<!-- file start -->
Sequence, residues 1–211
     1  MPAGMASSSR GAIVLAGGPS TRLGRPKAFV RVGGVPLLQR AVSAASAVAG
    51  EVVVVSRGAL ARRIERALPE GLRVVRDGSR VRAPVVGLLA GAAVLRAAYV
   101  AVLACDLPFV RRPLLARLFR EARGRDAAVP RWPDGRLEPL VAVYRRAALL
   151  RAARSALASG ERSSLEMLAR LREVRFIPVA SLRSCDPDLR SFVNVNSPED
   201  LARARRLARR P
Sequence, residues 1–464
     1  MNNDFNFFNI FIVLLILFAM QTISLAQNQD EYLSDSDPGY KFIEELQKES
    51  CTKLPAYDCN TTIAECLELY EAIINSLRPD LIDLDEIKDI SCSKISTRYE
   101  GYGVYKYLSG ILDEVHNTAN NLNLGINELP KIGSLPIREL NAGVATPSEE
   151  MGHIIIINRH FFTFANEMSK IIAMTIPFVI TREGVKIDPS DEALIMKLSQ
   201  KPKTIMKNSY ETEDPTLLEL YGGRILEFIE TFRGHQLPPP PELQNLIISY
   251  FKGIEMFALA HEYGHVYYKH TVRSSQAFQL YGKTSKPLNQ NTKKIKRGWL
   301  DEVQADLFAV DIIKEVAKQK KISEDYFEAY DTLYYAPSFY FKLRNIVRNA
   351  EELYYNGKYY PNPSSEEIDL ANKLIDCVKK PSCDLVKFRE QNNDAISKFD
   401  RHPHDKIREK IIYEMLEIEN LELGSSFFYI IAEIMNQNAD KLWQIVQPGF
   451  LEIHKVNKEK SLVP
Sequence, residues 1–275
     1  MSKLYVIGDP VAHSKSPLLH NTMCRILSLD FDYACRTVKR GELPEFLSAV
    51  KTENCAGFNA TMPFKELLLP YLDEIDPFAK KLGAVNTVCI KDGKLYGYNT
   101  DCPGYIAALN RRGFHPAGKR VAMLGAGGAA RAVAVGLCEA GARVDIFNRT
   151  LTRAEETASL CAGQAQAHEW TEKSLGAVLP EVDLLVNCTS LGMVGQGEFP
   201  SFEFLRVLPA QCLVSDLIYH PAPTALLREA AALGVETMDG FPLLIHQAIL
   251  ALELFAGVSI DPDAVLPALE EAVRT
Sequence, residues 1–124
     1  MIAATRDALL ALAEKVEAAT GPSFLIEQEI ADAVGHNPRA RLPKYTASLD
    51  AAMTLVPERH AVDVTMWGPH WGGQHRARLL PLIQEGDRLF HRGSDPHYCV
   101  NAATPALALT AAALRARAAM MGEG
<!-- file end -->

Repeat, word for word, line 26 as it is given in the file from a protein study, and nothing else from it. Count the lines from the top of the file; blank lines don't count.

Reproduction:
     1  MIAATRDALL ALAEKVEAAT GPSFLIEQEI ADAVGHNPRA RLPKYTASLD